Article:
Mbali Ntuli and John Steenhuisen are running against each other to be the new leader of the country’s official opposition party.
THE OUTCOME of the battle for the leadership of the DA is set to be known on Sunday, with either Mbali Ntuli or the party’s interim leader, John Steenhuisen, both from KZN, emerging as the new leader of the country’s official opposition party.
The party is in its first virtual federal congress, necessitated by the strict lockdown regulations on the gathering of large crowds.
Following months of campaigning between the pair, their fate could be known by 2pmon Sunday.
The showdown between Ntuli and Steenhuisen will come down to who the party’s 2 000 voting delegates will entrust with leading the party ahead of next year’s local government elections and into the 2024 national and provincial elections.
A key factor would be to recoup numbers lost at last year’s polls where its voter numbers dropped by 1.5%.
In an apparent swipe at Ntuli, who has criticised the party on numerous issues including its stance on the contentious issue of race, Steenhuisen in his candidate speech on Saturday said leaders should stop talking to the media “about our internal party matters”, adding that he was committed to restoring discipline within party ranks.
“From now on, every single DA member must focus on the voters. All of them. Every South African deserves to know our vision for the country and how we plan to rescue it from the criminal clique in power,” said Steenhuisen.
In her last address to delegates, Ntuli said her aim was to ensure that the party’s branches were empowered and had the money and the resources to be the soldiers on the ground for the party.
“I’ve been in this party for 14 years, I know what it takes to be in different communities. I’ve been in rural communities, villages, townships and in suburbia and I believe as the DA we need to tap into every single type of person in this party and in South Africa, and show them they can belong in the DA,” said Ntuli.
One of the defining features in the build-up to the congress was the party’s decision to put a ban on public campaigning for any of those contesting leadership positions, which includes the contestation for the party’s federal council chairperson’s position involving the incumbent federal council chairperson, Helen Zille, who is going head-to-head with the DA’S Gauteng chairperson, Mike Moriarty.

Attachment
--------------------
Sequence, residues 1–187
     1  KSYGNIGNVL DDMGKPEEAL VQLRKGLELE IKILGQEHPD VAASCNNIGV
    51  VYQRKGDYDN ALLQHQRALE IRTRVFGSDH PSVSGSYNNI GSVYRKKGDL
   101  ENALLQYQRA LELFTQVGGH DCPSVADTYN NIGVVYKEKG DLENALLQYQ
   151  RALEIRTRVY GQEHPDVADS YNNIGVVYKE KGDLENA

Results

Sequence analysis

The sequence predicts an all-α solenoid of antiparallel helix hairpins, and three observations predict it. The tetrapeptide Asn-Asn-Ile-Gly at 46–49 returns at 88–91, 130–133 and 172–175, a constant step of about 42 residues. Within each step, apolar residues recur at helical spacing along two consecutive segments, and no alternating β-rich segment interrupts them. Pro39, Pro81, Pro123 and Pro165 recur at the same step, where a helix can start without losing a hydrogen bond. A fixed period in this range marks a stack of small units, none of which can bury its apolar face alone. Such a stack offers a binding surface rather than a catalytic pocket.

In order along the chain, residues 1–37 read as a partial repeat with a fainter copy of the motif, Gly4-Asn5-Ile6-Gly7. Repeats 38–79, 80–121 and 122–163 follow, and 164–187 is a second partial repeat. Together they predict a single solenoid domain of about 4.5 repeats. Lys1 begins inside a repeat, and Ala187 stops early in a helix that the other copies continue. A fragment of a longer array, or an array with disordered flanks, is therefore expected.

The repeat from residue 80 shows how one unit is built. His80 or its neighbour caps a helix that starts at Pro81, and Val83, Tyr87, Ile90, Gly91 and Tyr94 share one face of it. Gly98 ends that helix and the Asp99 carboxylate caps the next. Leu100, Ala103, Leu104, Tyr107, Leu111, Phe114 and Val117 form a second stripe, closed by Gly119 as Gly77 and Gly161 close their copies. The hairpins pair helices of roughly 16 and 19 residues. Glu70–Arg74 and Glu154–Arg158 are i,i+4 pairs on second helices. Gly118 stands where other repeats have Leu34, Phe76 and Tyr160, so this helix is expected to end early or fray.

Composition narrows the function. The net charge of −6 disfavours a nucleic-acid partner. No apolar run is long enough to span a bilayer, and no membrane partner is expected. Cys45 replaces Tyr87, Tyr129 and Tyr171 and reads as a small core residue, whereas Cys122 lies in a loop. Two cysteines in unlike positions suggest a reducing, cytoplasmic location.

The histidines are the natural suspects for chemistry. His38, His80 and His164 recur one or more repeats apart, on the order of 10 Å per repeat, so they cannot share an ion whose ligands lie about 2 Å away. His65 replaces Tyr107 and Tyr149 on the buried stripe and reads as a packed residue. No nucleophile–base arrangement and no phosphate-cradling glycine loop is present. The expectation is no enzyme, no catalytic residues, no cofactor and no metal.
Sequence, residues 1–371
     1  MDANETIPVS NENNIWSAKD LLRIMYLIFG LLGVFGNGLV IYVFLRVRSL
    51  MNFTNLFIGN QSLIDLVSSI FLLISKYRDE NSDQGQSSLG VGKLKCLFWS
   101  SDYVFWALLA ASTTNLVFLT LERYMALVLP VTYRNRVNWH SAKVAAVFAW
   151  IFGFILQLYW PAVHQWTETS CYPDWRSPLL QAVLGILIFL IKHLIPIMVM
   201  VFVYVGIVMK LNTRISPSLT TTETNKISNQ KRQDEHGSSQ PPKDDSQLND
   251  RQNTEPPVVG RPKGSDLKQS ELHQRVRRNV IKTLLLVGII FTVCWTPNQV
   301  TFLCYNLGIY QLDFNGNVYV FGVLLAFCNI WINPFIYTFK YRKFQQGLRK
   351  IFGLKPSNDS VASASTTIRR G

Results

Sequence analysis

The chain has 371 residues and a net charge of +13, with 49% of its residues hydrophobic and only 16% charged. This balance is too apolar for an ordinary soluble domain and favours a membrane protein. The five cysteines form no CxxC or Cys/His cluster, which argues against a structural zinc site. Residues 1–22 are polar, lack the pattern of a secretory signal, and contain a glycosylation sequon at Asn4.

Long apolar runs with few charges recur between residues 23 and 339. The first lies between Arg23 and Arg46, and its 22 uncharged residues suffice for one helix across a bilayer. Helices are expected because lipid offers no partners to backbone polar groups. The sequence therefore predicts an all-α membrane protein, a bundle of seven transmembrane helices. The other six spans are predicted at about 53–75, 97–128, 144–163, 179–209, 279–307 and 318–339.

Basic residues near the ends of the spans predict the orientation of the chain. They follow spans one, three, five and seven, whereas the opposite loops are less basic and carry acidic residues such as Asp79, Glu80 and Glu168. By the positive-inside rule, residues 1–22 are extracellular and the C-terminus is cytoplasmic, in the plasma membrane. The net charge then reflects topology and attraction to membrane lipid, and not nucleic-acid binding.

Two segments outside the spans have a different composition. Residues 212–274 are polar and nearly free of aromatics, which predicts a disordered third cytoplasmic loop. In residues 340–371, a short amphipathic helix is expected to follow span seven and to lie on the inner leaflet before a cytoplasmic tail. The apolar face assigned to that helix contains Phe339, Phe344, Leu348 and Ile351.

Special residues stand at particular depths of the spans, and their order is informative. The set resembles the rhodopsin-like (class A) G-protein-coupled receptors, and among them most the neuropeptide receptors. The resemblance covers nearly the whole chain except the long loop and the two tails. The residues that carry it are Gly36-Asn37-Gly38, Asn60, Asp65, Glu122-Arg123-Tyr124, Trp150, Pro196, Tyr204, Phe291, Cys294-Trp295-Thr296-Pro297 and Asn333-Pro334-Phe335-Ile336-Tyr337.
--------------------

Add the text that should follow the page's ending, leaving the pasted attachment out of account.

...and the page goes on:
Steenhuisen, who has been at the helm of the party on an interim basis since Mmusi Maimane’s acrimonious departure in October last year, is touted to take over the reins having already had a year to show his leadership capabilities.
Among party heavyweights in Steenhuisen’s corner is Natasha Mazzone, the incumbent DA chief whip in the National Assembly.
Mazzone has publicly declared support for the party’s former parliamentary chief whip, proclaiming that Steenhuisen is the best person for the job.
The party’s provincial leaders including Northern Cape leader Andrew Louw, Western Cape provincial leader Bonginkosi Madikizela, North West provincial leader Joe Mcgluwa, Eastern Cape’s Nqaba Bhanga and Jane Sithole of Mpumalanga are also strong backers of Steenhuisen, as is Western Cape Premier Alan Winde.
Party leaders fighting in Ntuli’s corner are led by KwaZulu-Natal provincial leader Zwakele Mncwango, DA Youth leader Luyolo Mphithi, MPS Hlanganani Gumbi and Haniff Hoosen, Gauteng MPL Magashule Gana, KZN Member of the Provincial Legislature Elma Rabe and ethekwini councillor Hlengiwe Shozi.